A simple three hour or so internal flight becomes a multiple day road trip when Raymond refuses point blank to fly, never mind drive on the fastest highways!
In a series of locations and situations a bond develops between the two very different brothers. Charlie softening his stance significantly in the process.
Hoffman in particular gives a great performance showing the affects of his character's mental health condition on both brother's.
Oh QANTAS have never crashed is my most memorable line, especially when preparing to fly to Australia!
Late 1990s film about an upper middle class U.S. street that makes Coronation Street look like Sesame Street with its secrets and frustrations!
You also have an Oscar winning Best Actor performance from the now disgraced Kevin Spacey but let's consider the film itself.
Spacey plays 42 year old Lester Burnham. He seems to be suffering from a mid-life crisis on that he is in a loveless marriage to Carolyn (Annette Bening), with one child who is at the puberty age, Jane (Thora Birch).
Carolyn herself is an estate agent. Not a particularly successful one at that who faces 'competition' in the business from Buddy Kane (Peter Gallacher?).
Lester has some going through the motions job in media. It contributes to the mortgage repayments kind of thing. Anyway his company is trying to make workforce cutbacks and he has to try and justify his employment.
To the right of his house are a gay couple both called Jim.
To the left is an ex-U.S. Marine Colonel Fitts (Chris Cooper) with a 'secret' that is revealed in the film who has a controlling nature over his son, Ricky Fitts.
Ricky is a dope dealer in his spare time (as you do) as well as having a strange/deranged habit of filming Jane through the windows, sometimes in private situations.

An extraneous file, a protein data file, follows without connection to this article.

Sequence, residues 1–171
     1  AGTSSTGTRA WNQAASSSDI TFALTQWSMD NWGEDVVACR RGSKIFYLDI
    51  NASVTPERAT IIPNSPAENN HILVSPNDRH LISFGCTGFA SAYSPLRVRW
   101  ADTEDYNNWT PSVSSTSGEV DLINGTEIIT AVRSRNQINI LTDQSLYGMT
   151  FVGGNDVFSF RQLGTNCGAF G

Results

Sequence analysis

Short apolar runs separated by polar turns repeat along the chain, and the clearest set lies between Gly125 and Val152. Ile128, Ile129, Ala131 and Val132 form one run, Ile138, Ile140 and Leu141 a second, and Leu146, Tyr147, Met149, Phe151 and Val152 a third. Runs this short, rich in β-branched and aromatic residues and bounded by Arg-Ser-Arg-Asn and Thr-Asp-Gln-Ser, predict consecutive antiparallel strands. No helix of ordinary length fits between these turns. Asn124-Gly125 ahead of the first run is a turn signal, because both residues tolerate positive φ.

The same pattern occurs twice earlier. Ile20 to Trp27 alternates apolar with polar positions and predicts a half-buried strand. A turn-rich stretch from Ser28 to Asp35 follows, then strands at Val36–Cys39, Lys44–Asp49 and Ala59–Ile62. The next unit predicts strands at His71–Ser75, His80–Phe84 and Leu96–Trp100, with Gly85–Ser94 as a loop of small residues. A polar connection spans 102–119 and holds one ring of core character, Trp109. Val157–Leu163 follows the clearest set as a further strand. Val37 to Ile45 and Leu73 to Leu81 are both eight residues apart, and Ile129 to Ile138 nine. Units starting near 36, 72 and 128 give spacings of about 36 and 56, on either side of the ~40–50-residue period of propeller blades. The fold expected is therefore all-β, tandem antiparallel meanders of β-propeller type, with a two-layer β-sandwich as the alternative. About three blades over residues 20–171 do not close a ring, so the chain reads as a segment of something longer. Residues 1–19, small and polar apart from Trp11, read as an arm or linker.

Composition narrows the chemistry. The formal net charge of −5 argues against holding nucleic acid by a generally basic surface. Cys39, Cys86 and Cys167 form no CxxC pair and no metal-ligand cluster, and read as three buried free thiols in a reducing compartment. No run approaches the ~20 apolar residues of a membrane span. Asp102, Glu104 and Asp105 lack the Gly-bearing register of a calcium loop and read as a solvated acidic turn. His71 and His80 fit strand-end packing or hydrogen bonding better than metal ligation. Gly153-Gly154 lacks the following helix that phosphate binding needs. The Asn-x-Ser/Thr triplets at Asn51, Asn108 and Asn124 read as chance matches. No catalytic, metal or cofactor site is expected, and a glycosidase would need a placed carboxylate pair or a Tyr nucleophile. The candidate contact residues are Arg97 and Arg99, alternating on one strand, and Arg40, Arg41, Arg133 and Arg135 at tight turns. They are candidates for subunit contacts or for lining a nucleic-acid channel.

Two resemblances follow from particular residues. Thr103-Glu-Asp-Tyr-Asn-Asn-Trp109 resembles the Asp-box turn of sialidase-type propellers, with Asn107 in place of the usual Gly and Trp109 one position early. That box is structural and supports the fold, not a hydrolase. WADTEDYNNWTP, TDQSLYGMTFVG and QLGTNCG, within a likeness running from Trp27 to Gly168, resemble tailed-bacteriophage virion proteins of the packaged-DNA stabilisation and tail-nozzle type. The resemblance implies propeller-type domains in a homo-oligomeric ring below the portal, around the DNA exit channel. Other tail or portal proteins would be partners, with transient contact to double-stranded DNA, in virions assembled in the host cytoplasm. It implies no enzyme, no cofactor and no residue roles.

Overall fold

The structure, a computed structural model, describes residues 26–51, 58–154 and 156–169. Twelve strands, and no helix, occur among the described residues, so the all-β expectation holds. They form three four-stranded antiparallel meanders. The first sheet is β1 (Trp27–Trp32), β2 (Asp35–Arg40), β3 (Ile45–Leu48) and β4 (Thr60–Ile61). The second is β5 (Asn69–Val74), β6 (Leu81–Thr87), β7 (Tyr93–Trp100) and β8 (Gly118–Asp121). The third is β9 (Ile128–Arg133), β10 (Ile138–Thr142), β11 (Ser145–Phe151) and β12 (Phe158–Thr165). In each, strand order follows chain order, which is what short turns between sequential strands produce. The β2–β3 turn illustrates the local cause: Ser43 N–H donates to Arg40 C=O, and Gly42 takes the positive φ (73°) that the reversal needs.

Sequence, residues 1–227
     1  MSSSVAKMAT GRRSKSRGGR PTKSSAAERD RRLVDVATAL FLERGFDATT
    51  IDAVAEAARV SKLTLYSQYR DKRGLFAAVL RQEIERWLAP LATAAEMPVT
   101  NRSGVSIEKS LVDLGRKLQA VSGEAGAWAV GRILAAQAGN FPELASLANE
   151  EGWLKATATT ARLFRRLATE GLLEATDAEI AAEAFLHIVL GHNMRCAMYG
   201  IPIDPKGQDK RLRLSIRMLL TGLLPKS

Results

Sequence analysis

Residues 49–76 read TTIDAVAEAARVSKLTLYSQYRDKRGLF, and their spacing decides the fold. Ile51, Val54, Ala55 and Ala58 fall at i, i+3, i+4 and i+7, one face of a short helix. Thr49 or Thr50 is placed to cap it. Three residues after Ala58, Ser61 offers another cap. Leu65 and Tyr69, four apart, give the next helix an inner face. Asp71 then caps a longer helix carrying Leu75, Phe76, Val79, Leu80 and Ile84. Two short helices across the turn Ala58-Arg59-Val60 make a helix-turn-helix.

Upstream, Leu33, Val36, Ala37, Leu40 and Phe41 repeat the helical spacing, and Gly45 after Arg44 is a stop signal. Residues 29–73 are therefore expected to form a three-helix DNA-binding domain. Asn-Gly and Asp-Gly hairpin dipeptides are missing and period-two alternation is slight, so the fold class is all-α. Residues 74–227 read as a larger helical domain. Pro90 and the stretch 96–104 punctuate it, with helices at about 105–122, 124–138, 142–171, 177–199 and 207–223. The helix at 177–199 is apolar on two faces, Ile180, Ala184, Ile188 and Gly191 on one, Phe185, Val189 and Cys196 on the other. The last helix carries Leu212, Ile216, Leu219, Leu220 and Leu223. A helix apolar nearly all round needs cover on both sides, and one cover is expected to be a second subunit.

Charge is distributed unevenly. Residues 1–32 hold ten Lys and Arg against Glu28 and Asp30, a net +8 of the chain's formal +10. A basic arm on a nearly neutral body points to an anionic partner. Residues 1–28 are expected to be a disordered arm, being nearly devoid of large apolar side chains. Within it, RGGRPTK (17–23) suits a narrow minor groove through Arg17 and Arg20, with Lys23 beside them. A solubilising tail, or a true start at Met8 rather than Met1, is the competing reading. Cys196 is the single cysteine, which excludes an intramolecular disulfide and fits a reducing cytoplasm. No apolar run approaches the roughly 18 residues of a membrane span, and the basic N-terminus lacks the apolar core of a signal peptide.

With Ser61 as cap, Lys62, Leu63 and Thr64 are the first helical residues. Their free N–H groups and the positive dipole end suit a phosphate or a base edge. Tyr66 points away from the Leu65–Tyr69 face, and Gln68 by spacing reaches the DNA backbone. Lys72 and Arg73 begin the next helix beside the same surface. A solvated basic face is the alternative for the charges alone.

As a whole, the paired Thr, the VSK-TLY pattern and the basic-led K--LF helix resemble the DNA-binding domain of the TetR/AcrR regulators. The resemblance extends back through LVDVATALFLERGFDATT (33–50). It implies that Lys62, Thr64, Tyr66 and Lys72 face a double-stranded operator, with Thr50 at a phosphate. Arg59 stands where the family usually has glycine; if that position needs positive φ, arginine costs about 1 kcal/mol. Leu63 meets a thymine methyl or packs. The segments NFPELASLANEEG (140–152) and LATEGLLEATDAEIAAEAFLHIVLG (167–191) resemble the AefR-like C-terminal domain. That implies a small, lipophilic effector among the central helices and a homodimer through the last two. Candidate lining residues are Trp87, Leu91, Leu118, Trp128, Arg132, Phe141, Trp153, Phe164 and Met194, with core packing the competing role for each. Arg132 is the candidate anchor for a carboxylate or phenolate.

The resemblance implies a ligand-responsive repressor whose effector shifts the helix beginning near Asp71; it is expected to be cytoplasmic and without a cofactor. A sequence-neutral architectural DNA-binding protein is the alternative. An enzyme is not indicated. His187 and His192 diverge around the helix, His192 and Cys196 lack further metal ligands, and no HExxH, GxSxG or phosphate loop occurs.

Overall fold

Jane has a 'best' friend. A blonde, model-aspiring, good looking school friend of a character called Angela Hayes (Mena Suvari).
That just about provides the ambience of the neighbourhood!
The film shows 42 year old Lester (scary) develop a crush on Angela. Going on a keep-fit regime and developing a dope habit in the process.
Also developing a new found confidence by telling bis employers a few home truths hence losing his job, buying an old car and 'bashing the bishop' in bed next to his wife!
Director Sam Mendes is probably more well known to audiences for his James Bond film collaborations Skyfall and Spectre but this his perhaps his career peak film.
Watching the strange interaction between the characters develop and their messed up lives.
The film develops into a shocking ending which I won't spoil but it is not what you expect!
Spacey rightly or wrongly won the Oscar and at this time is probably his best performance aside The Usual Suspects from 1995.
If you have not seen this film, I strongly recommend.
1941 romantic screwball 'comedy' although no laughs in the traditional knock knock sense.
It follows a gang of three card sharps who 'rob' unsuspecting passengers on ocean liners.
In this film the target is Charles Pike (Henry Fonda). Pike is the rich son of a brewery owner.
One of the trio of con artists is Jean Harrington (Barbara Stanwyck) who actually develops a relationship with Charles beyond ripping him off and ending in marriage before following the story arc seen in so many of these rom coms.
1. Boy meets girl.
2. Boy loses girl.
3. Boy wins girl back.
4. The end.
The card sharp storyline allows some slight deviation from the 'normal' story arc.
2. Boy loses girl after finding out she is trying to rip him off.
3. Girl wins boy back in this film when Jean meets Charles again in the form of an English aristocrat act and causes Charles great confusion when he thinks it is Jean...it is!
I found this film a little overrated if I am being honest. It has a certain innocence about it. I suppose that is partly from the era it was made.
Some comedy is added in Charles Pike being a bit of a geek. In the form of a snake expert.